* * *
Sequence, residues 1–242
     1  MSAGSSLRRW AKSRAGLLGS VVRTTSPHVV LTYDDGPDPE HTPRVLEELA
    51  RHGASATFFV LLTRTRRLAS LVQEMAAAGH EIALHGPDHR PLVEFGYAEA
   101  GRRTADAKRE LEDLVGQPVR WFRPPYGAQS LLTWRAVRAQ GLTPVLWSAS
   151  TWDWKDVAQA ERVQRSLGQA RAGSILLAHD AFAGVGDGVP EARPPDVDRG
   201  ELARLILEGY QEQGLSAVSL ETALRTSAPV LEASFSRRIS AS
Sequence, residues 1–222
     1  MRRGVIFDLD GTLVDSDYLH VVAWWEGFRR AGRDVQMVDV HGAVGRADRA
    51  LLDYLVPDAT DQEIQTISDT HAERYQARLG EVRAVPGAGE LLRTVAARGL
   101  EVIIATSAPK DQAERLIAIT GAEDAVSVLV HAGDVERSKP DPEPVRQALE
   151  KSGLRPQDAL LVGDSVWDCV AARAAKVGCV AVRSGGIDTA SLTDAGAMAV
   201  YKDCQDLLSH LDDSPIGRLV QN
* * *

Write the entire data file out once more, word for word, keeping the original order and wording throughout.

Sequence, residues 1–242
     1  MSAGSSLRRW AKSRAGLLGS VVRTTSPHVV LTYDDGPDPE HTPRVLEELA
    51  RHGASATFFV LLTRTRRLAS LVQEMAAAGH EIALHGPDHR PLVEFGYAEA
   101  GRRTADAKRE LEDLVGQPVR WFRPPYGAQS LLTWRAVRAQ GLTPVLWSAS
   151  TWDWKDVAQA ERVQRSLGQA RAGSILLAHD AFAGVGDGVP EARPPDVDRG
   201  ELARLILEGY QEQGLSAVSL ETALRTSAPV LEASFSRRIS AS
Sequence, residues 1–222
     1  MRRGVIFDLD GTLVDSDYLH VVAWWEGFRR AGRDVQMVDV HGAVGRADRA
    51  LLDYLVPDAT DQEIQTISDT HAERYQARLG EVRAVPGAGE LLRTVAARGL
   101  EVIIATSAPK DQAERLIAIT GAEDAVSVLV HAGDVERSKP DPEPVRQALE
   151  KSGLRPQDAL LVGDSVWDCV AARAAKVGCV AVRSGGIDTA SLTDAGAMAV
   201  YKDCQDLLSH LDDSPIGRLV QN